Safeguarding Xi's core status is "a political issue of the utmost importance," said senior local officials at the recently concluded sessions of legislative and political advisory bodies in China's 31 provinces, autonomous regions and municipalities.


Xi and his comrades must take steps to ensure China escapes the "middle-income trap," which few developing countries have managed to avoid, and continues to open up to fuel global growth.

In his New Year speech, Xi called on the nation to "roll up our sleeves and work harder."

Prior to the two sessions, Xi visited Hebei Province and said that poverty alleviation was fundamental to building a moderately prosperous society.

During the 2013-2016 period, 55 million people have shaken off poverty -- more than the population of South Korea. China plans to eliminate poverty by 2020.

During an inspection of Beijing, Xi stressed building a people-oriented city by addressing problems of overpopulation, traffic congestion, soaring house prices and air pollution.

He also highlighted coordinated development of Beijing, Tianjin and Hebei, an ambitious project to link more than 100 million people to become an important engine for the country's economic growth. Huge progress has been made in transportation, industry and the environment in the past three years.

At a February workshop attended by officials at the provincial and ministerial levels, Xi urged them to "choose the heaviest burden and crack the hardest nuts" when pursuing economic and social development.

"Xi's speech at the workshop was grounded in Marxism and it will provide the ideological basis for the 19th CPC National Congress," said Zhu Lingjun with the Party School of the CPC Central Committee.

Xi is also striving to establish a global landscape featuring win-win results, common development and equality, highlighting the country's image as a responsible and active player in global governance.

He attended the World Economic Forum annual meeting in January, inspiring the world by advocating free trade and warning against protectionism.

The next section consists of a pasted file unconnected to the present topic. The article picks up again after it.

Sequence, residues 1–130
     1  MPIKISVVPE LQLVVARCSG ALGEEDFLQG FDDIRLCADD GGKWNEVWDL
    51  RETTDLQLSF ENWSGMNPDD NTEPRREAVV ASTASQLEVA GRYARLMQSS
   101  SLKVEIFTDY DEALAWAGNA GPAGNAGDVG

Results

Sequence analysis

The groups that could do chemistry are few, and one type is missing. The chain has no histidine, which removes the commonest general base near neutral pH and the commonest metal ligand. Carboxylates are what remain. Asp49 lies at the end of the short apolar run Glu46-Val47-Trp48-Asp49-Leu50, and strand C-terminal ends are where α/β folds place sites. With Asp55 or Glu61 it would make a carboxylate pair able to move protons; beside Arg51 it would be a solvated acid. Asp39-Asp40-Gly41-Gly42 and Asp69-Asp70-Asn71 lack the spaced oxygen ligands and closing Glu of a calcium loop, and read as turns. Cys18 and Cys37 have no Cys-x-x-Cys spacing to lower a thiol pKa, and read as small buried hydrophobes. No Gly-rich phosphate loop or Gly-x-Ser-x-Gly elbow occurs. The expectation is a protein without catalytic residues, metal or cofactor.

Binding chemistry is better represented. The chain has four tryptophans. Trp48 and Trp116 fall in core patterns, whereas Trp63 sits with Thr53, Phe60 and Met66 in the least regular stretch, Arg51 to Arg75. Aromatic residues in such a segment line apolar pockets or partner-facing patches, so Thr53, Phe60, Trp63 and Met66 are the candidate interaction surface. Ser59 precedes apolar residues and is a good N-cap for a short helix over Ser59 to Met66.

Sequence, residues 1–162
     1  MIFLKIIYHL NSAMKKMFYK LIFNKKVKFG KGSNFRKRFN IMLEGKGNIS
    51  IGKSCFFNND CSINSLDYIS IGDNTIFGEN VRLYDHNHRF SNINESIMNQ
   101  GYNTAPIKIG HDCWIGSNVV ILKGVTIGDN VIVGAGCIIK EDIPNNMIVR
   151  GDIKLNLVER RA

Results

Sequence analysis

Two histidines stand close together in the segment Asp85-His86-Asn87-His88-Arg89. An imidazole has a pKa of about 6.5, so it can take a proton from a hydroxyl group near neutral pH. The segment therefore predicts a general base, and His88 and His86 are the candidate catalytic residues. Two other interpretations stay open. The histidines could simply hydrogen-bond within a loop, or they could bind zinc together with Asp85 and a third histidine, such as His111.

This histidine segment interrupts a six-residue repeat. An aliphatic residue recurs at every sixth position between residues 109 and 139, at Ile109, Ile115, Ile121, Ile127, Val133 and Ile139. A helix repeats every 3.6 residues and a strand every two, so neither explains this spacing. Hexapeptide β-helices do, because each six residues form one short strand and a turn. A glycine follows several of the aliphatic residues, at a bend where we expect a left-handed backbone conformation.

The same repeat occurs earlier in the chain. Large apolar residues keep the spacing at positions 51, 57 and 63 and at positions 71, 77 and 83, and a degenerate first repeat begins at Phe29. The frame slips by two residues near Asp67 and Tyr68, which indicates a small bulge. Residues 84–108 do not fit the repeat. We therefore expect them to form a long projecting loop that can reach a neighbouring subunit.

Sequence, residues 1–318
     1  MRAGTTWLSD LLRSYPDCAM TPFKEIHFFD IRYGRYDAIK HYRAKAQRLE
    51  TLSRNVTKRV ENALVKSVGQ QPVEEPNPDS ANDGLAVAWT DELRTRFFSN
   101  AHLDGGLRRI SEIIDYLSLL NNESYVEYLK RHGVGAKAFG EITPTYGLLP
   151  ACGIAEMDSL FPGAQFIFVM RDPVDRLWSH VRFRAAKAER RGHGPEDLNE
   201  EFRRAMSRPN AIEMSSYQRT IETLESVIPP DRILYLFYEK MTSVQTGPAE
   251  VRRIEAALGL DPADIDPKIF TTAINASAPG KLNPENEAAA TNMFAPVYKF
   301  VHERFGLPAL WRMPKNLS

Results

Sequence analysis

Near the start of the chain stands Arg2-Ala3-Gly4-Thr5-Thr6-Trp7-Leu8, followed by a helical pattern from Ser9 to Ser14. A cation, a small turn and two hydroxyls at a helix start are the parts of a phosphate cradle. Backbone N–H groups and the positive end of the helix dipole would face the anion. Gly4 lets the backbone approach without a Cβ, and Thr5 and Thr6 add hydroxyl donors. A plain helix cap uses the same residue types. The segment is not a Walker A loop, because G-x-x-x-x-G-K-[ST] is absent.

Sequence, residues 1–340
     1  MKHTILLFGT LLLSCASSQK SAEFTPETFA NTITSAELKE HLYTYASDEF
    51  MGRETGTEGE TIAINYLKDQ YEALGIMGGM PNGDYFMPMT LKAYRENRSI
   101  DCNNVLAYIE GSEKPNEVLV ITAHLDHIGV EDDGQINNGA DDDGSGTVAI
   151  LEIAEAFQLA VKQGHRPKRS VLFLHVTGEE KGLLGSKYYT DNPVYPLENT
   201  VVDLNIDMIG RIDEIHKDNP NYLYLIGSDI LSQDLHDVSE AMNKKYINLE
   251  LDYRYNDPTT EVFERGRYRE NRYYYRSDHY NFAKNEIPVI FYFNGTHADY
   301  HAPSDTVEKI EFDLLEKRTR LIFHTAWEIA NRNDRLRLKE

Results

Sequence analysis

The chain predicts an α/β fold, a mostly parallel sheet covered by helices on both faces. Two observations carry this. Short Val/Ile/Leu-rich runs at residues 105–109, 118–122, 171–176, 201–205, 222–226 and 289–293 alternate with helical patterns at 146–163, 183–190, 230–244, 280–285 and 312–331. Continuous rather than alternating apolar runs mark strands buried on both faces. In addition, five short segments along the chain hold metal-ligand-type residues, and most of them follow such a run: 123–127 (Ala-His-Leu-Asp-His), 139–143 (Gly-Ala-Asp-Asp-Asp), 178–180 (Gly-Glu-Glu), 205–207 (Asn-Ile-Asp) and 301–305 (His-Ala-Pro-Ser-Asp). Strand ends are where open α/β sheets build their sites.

Xi told the forum that China is not only the beneficiary of economic globalization, but also a contributor to it. To this end, he has repeatedly called for building "a community of shared future for mankind."

In early February, Xi and his U.S. counterpart Donald Trump held a phone conversation on bilateral ties, a good first step in consolidating relations between the world's two largest economies.

"They are the [world's] two leading nations and it is crucial that there are open communications so there are no misunderstandings," said Darrell West, director of Governance Studies at the Brookings Institution.

China will host a Belt and Road forum for international cooperation in May to make globalization more inclusive and beneficial, followed by a summit of the emerging-market bloc of BRICS (Brazil, Russia, India, China and South Africa) in September.


The two sessions are expected to drum up support for the country's next round of reforms. Thousands of deputies and political advisors will speak on various issues including economic globalization, national defense and diplomacy.

The whole Party and nation will closely unite around the CPC Central Committee with Xi as the core. "It is a necessity," said Zhang Zhao'an, deputy director of Shanghai Academy of Social Sciences. "While we are handling a complex situation at home and abroad, we can not afford to lose direction."

It is unique that an 88-million strong political party gather around its leadership and then unites and leads over 1.3 billion people toward a common destination that delivers benefits not only to themselves but also to people around the world.

"Behind all the above is the Chinese philosophy of governance, including two concepts: 'minyi,' or public opinion, and 'minxin,' the hearts and minds of the people," said Wen Yang, a researcher with the Institute of China Studies at Fudan University.

"New ideas, thoughts and strategies of state governance under the leadership of the CPC Central Committee with Xi as the core have solid foundation of public opinion. Proven successful by experience, they have won the people's support," he said. "They will become an important theme of the 'two sessions' and the CPC's 19th National Congress."